The American Hospital Association (AHA) and the American Medical Association (AMA) have dismissed their lawsuit challenging the No Surprises Act's payment arbitration process, in today's bite-sized hospital and health industry news from the District of Columbia and Illinois.
- District of Columbia: Juul on Tuesday filed a lawsuit against FDA after the agency refused to release documents that support its order that Juul take all its e-cigarette products off the market. In its lawsuit, Juul argued that FDA violated the Freedom of Information Act by withholding "scientific disciplinary reviews" behind the decision to ban Juul's sales. "We took this necessary action as we remain concerned about the inequitable treatment of our applications given the political pressure on the agency to reach a specific result," a Juul spokesperson said. "This action will help us obtain information about the FDA review of our applications relevant to our continued appeal of the agency’s decision." So far, FDA has declined to comment on ongoing litigation. (Ravipati, Axios, 9/20)
- Illinois: AHA and AMA on Tuesday dismissed their lawsuit challenging an interim final rule covering the arbitration process for payment disputes under the No Surprises Act. The groups, along with UMass Memorial Health Care, Renown Health, and two individual physicians, initially filed the lawsuit in December 2021. However, after the Biden administration released a final rule on the arbitration process in August, the lawsuit became moot, according to an AHA spokesperson. Still, AHA and AMA said they remain concerned that the final rule continues to favor insurers and does not function as Congress intended when it initially passed the law. "Congress enacted the law with a balanced, patient-friendly approach, and it should be implemented that way," AHA and AMA wrote in a joint statement. "We have serious concerns that the August 2022 final rule departs from Congressional intent just as the September 2021 interim final rule did. Hospitals and doctors intend to make our voices heard in the courts very soon about these continued problems." (Goldman, Modern Healthcare, 9/20; AHA News, 9/20)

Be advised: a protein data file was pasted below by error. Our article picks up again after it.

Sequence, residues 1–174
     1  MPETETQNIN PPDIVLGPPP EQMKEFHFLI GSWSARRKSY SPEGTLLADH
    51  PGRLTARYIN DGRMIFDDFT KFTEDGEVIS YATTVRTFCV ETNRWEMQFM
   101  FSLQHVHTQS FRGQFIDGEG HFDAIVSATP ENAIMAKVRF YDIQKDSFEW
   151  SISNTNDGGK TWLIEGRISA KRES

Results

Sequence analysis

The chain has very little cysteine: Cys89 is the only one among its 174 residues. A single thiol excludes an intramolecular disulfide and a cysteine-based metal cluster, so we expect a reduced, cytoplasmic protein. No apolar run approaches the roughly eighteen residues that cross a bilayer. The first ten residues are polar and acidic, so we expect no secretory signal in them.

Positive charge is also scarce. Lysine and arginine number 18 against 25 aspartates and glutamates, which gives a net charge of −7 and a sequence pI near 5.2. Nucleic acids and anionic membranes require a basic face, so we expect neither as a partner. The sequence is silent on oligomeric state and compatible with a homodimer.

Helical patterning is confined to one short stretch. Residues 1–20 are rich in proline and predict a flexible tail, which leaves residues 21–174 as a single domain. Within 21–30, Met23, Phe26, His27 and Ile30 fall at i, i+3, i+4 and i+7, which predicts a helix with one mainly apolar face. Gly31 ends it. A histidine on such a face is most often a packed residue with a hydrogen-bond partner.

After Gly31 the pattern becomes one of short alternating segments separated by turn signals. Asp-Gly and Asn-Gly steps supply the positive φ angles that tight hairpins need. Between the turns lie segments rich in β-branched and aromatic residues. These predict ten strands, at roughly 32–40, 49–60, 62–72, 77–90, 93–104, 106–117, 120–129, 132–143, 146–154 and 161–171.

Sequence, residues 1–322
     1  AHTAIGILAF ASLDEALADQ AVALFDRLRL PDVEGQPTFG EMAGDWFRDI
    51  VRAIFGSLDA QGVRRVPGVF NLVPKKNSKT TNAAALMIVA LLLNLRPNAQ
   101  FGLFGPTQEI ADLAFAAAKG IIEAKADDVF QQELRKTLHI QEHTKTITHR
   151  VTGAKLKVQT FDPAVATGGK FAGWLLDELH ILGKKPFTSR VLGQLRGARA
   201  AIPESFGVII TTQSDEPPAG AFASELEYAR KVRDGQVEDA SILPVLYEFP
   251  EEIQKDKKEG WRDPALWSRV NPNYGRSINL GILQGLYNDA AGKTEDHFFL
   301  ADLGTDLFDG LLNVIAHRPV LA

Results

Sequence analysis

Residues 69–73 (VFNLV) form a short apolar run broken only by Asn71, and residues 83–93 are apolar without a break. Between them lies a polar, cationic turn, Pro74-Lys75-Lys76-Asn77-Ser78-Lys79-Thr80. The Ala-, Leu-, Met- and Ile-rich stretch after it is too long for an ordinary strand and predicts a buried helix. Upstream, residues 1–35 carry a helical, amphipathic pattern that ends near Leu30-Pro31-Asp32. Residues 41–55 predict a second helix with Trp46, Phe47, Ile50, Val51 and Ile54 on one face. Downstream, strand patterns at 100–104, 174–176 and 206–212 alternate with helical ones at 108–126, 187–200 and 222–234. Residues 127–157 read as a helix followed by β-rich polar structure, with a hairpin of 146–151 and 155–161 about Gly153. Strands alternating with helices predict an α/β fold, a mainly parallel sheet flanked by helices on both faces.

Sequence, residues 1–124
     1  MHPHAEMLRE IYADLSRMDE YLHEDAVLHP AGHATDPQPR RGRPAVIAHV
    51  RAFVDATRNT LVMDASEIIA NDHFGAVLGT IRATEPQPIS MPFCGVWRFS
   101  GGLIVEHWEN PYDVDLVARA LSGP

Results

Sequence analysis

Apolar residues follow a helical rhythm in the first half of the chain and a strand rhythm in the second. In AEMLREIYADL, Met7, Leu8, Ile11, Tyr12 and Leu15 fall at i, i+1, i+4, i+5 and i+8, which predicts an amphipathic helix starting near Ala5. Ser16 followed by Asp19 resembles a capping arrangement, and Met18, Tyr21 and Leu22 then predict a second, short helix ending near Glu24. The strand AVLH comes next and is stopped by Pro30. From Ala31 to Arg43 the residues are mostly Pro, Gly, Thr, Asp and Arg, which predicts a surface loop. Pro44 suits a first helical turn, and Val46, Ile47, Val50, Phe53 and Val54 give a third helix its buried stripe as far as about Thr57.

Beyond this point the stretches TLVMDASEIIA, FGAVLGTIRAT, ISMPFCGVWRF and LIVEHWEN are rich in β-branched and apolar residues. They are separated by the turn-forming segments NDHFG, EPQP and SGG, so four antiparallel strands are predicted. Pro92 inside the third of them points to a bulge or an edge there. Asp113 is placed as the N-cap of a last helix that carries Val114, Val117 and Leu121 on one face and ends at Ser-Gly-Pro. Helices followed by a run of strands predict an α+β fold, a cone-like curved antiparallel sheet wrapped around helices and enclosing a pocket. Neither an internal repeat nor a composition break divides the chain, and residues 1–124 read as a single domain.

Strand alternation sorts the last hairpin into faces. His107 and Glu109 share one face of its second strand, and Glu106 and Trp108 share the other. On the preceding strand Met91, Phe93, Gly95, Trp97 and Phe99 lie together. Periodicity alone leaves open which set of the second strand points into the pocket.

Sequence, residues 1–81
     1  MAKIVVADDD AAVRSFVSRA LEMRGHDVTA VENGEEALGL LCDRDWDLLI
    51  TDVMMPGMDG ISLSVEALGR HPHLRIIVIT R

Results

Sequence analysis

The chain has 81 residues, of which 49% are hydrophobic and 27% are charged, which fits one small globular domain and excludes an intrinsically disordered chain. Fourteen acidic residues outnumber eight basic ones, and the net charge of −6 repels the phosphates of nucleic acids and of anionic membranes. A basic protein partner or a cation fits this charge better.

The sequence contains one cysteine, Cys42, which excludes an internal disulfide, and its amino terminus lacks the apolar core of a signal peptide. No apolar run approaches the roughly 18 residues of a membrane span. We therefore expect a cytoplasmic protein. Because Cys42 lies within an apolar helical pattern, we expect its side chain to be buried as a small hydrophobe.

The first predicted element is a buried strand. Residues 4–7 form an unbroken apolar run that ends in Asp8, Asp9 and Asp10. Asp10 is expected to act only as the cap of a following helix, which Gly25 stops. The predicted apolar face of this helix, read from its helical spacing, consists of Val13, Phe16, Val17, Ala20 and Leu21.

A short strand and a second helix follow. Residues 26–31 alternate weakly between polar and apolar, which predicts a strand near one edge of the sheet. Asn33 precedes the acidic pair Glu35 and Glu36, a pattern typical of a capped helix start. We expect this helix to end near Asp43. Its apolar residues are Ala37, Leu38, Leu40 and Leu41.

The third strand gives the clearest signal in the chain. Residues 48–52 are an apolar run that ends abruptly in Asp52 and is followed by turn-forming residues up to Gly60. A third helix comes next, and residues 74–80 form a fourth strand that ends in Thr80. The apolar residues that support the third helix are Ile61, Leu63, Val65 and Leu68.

- Illinois: Walgreens Boots Alliance will spend $1.37 billion to completely acquire Shield Health Solutions, a specialty pharmacy company. In September 2021, Walgreens paid $970 million to become a majority stakeholder in Shields, and it will acquire the remaining 30% from other equity holders by the end of 2022. According to a Walgreens spokesperson, acquiring Shields, which works with 80 health systems and represents over 1 million patients, will give the company an opportunity to further invest in the specialty pharmacy market, which is growing quickly. Once the transaction is finalized, Shields' co-founder and current president John Lucey will become the company's CEO, and the current CEO Lee Cooper will lead Walgreens' pharmacy segment as of Oct. 1. Shields will continue to function as its own business within Walgreens even after the acquisition. (Devereaux, Modern Healthcare, 9/20)